The patent case between Apple
--you know, the one where if Apple wins, the company assumes total dominance of the mobile device market and Samsung dries up and blows away--is a bare-knuckle legal slugfest, and it recently took an interesting turn.
Samsung brought forth videotaped testimony from one Roger Fidler (Program Director for Digital Publishing at the University of Missouri’s Reynolds Journalism Institute), who asserted that he’s been working on tablet designs since 1981, and according to Bloomberg, that in the mid-1990s, “Apple personnel were exposed to my tablet ideas and prototypes”.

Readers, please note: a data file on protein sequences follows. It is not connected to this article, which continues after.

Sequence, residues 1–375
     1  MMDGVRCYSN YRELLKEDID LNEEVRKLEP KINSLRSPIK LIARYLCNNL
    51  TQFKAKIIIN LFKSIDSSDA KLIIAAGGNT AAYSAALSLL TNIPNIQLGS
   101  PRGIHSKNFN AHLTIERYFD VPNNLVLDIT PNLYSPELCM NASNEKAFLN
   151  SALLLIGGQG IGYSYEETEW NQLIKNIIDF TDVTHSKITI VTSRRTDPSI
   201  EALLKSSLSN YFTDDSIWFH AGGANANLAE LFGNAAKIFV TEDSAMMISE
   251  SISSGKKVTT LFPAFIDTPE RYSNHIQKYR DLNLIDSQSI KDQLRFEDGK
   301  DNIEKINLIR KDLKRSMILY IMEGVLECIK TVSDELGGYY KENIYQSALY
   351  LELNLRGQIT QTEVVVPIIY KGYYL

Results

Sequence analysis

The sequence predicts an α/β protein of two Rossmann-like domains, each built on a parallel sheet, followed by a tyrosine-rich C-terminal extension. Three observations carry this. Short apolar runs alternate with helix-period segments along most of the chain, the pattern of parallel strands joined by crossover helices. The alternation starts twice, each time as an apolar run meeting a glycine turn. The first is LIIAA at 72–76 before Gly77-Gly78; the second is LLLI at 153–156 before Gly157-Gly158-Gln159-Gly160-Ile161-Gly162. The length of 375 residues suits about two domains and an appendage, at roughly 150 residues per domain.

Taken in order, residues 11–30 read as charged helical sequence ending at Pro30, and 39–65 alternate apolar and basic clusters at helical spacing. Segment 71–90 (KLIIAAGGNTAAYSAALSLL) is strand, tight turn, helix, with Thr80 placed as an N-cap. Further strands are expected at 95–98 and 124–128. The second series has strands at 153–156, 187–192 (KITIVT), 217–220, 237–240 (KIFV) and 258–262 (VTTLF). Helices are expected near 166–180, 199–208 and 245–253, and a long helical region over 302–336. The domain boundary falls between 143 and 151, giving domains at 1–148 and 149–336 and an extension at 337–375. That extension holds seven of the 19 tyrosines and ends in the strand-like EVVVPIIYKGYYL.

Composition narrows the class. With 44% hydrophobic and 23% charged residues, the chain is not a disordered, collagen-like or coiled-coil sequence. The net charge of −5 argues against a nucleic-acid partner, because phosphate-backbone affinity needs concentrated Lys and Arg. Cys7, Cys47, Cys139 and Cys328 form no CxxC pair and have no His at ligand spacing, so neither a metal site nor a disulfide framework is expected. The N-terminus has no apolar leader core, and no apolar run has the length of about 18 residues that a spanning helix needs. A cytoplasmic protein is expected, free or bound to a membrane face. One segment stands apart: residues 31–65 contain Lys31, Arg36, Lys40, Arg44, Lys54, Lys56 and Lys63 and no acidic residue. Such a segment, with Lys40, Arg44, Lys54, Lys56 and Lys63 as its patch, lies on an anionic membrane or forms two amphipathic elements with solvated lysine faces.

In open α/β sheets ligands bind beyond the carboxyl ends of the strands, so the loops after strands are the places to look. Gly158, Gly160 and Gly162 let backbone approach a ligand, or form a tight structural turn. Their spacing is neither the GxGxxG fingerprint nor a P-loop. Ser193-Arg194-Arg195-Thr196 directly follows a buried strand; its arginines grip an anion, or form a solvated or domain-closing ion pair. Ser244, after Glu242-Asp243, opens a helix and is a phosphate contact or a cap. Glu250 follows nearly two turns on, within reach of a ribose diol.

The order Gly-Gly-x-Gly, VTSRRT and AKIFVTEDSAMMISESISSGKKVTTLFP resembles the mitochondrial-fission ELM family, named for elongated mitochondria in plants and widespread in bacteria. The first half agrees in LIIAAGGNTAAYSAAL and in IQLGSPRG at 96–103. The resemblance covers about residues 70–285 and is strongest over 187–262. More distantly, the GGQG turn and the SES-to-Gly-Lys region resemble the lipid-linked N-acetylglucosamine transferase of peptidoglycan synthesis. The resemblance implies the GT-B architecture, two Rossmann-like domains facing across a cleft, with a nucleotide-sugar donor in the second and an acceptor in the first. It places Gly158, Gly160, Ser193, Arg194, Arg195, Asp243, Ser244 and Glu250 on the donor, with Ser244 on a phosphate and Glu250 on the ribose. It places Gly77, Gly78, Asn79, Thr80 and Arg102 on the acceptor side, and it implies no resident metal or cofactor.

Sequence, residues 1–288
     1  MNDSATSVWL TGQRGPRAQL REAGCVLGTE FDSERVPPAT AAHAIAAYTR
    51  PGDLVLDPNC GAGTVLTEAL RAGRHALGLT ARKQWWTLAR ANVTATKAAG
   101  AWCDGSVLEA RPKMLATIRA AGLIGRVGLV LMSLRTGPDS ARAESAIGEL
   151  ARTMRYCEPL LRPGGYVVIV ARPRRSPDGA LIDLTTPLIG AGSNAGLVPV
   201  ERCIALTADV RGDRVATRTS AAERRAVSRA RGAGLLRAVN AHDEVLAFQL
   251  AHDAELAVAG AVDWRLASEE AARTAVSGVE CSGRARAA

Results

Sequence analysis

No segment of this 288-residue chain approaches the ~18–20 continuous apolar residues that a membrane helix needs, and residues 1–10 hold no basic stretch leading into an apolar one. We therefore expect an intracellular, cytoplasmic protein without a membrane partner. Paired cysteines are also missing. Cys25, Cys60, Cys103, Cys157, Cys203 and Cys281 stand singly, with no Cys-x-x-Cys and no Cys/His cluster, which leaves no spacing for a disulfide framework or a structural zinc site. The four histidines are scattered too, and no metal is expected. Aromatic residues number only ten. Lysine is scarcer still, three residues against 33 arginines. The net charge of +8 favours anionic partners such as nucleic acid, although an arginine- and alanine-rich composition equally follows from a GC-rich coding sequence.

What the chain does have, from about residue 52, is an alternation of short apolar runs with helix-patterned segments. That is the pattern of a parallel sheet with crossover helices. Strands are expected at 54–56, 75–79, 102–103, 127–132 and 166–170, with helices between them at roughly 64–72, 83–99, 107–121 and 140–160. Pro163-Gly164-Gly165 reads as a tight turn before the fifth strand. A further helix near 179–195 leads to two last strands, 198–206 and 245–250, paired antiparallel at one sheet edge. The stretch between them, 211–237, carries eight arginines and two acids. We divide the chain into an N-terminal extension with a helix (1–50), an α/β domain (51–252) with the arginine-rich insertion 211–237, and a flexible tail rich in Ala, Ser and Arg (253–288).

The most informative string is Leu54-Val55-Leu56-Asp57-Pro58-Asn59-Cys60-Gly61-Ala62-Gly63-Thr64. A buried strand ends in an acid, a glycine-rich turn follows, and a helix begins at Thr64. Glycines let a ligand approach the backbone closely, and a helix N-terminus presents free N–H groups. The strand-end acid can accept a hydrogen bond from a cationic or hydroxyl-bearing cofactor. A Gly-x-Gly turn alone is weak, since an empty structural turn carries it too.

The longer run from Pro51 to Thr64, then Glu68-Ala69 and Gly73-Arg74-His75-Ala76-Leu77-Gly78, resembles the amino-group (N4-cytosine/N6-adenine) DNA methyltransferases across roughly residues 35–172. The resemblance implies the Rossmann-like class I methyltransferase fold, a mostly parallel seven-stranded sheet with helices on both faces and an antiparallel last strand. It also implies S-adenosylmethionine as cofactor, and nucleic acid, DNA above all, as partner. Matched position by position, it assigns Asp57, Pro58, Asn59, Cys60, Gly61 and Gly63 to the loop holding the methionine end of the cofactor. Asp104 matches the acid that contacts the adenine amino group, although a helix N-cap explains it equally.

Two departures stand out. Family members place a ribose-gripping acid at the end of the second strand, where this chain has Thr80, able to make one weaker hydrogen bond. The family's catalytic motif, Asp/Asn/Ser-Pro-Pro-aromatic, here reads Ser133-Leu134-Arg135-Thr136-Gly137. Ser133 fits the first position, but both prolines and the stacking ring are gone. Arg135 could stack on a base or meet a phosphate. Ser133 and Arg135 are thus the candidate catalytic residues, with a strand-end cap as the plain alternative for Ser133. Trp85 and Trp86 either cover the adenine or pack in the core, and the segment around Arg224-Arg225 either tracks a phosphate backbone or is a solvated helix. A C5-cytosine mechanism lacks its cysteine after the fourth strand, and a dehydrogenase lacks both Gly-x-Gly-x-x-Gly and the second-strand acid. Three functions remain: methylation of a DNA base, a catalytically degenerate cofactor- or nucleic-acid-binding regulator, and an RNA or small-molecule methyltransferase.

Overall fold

That’s a good hard groin kick to Apple’s claim that its designs for the iPad and iPhone were completely original, and it certainly seems to help cast reasonable doubt (from a non-lawyer, outsider perspective anyway) that Samsung’s designs are rip-offs.
Roger Fidler (Image credit: rjionline.org)
Indeed, Fidler’s designs and vision for tablets on which consumers would read news included now-familiar features such as a flat, no-stylus touchscreen and rounded corners. With Fidler’s testimony, Samsung is apparently trying to say that A) it could be argued that Apple actually stole Fidler’s designs, which most certainly would nullify the former’s case against Samsung and B) regardless, it shows that design ideas for something like a tablet are more universal than Apple would like us to believe.
It’s also worth noting that Apple blocked Fidler from testifying in person and that Samsung managed to get the video testimony shown because it was central to their case.